Matthew Boyd, Tigers

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Age: 28
Position: SP
Contract: 1st-year arb (FA after 2022)
Trade factor: 4

The Tigers missed a golden opportunity to cash in on Boyd’s first-half success last season and may now be forced to take what they can get. Boyd was an elite strikeout artist in 2019, fanning 238 opponents in 185 1/3 innings, but a 4.56 ERA rendered that somewhat moot. He was often undone by the gopher ball, resulting in inflated numbers. However, the remaining years of team control before Boyd’s eligible for free agency combined with his strong start last campaign should be enough to keep his market afloat.

Ken Giles, Blue Jays

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Age: 29
Position: RP
Contract: 3rd-year arb (FA after 2020)
Trade factor: 4

Giles was one of the best closers in baseball last summer, and if it wasn’t for a bout of elbow inflammation in July, he may have been moved at the trade deadline. With a clean bill of health, Giles makes far more sense as a trade candidate than either Lourdes Gurriel Jr. or Danny Jansen – both of whom have appeared in tenuous trade rumors this autumn. With one year left before hitting free agency, signing an extension with the rebuilding Blue Jays seems unlikely for Giles. It would make sense for Toronto to flip him to a contender with bullpen holes, like the Dodgers or the Cardinals.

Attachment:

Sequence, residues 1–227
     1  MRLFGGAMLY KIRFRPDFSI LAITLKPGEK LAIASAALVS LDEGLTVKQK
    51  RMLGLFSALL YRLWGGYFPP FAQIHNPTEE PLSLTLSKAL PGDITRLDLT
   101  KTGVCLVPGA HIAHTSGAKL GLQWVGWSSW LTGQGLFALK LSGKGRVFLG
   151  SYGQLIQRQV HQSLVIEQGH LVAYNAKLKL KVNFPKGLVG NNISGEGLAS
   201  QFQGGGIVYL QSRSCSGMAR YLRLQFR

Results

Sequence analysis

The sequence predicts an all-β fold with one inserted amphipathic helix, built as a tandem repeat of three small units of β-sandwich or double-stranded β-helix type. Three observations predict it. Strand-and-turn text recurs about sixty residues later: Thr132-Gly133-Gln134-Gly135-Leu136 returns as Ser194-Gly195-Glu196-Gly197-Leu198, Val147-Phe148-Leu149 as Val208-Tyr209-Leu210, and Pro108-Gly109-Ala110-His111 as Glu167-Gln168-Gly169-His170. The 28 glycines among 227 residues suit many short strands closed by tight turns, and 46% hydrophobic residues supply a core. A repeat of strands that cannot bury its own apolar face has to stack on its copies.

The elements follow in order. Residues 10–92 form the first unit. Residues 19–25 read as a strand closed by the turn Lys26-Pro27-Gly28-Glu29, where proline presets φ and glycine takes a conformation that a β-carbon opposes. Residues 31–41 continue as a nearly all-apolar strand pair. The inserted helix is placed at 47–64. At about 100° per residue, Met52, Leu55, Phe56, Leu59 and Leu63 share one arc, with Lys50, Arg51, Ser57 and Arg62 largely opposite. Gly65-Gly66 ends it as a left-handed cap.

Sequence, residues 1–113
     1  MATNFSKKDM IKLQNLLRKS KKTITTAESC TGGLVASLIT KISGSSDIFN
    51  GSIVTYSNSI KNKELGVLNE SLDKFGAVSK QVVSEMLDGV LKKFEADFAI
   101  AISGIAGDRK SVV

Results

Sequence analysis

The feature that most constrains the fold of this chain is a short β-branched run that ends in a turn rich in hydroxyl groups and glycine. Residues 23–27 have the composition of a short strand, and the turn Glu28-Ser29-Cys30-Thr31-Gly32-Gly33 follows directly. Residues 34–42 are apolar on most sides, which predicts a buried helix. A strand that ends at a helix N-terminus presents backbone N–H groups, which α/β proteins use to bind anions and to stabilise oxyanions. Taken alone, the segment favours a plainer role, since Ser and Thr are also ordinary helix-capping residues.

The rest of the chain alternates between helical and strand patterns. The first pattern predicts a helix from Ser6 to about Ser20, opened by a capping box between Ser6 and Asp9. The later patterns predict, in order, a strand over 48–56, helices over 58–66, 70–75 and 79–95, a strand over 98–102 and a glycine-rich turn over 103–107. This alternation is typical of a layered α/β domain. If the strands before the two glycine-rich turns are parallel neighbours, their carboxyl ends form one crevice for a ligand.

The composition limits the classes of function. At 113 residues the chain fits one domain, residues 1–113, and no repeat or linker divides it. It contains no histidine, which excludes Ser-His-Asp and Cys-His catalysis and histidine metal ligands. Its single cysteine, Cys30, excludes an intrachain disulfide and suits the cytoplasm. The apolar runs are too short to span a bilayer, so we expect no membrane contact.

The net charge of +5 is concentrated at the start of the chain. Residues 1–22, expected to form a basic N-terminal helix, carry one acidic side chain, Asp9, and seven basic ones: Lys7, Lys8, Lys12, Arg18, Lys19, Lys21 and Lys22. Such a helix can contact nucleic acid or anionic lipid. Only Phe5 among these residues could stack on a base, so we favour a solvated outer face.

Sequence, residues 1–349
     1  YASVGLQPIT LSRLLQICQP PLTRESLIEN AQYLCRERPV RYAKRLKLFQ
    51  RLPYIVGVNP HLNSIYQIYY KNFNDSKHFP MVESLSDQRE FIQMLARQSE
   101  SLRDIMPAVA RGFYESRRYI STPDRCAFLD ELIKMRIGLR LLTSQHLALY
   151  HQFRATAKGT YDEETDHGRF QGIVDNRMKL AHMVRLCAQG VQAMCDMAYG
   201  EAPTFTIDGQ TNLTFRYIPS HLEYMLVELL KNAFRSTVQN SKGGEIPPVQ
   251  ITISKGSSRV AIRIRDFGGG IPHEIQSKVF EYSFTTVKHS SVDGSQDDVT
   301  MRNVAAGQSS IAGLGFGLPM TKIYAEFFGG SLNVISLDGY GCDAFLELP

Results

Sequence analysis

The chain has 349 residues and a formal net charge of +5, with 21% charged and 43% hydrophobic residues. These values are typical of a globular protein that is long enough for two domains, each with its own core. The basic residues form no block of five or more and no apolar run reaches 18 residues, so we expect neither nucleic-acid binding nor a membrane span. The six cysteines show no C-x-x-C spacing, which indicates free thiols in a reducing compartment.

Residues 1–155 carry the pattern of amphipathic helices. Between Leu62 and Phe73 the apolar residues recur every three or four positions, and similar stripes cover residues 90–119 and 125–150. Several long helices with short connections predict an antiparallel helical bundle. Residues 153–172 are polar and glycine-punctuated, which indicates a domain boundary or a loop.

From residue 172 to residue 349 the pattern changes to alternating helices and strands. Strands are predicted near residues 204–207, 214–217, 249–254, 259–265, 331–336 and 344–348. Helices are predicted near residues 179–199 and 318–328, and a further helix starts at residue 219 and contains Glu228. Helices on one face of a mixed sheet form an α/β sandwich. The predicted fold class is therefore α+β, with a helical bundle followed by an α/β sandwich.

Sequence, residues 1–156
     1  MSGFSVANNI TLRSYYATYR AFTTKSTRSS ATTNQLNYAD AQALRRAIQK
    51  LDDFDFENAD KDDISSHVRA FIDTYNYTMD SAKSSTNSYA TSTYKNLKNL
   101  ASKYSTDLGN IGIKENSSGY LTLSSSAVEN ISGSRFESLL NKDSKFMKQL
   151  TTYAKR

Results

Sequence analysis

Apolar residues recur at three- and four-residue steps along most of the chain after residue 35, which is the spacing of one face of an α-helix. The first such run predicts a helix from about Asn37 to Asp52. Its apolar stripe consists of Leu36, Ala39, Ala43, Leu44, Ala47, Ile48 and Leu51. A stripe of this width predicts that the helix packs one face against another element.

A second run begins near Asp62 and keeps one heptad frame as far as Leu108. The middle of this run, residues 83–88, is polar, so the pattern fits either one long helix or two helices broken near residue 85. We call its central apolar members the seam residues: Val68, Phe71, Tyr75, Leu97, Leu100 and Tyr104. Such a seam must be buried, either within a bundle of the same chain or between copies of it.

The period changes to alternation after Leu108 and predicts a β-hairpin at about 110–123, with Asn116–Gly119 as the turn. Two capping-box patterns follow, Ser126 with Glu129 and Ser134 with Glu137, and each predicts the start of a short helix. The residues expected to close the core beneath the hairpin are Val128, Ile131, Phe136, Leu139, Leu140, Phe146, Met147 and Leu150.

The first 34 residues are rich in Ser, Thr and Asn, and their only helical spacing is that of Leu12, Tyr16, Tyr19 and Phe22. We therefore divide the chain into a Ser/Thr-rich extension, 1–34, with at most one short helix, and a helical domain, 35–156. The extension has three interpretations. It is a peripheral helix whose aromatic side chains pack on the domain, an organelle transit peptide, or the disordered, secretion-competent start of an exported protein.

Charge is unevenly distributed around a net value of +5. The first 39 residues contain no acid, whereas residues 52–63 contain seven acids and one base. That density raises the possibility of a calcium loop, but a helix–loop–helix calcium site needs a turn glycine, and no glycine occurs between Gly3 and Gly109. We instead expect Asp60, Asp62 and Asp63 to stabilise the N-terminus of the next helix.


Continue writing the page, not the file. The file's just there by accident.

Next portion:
Marcus Semien, Athletics

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Age: 29
Position: SS
Contract: 3rd-year arb (FA after 2020)
Trade Factor: 2

Trading Semien would not be a popular move with Oakland’s fanbase. He’s coming off a season where he finished top-three in AL MVP voting after notching career bests in home runs (33), RBIs (92), doubles (43), and slash line (.285/.369/.522). But, he’s poised to get a substantial raise prior to hitting free agency for the first time and if the A’s are unable to swing an extension – which both he and the team are exploring – the odds of a deal will increase exponentially. Additionally, Oakland is apparently looking at trades for Blake Treinen, Jurickson Profar, and Josh Phegley. Moving any or all of them would make Semien’s retention more likely. Still, the A’s have a track record of cutting bait when the cost of doing business gets too high, and Semien may never be worth more than he is right now.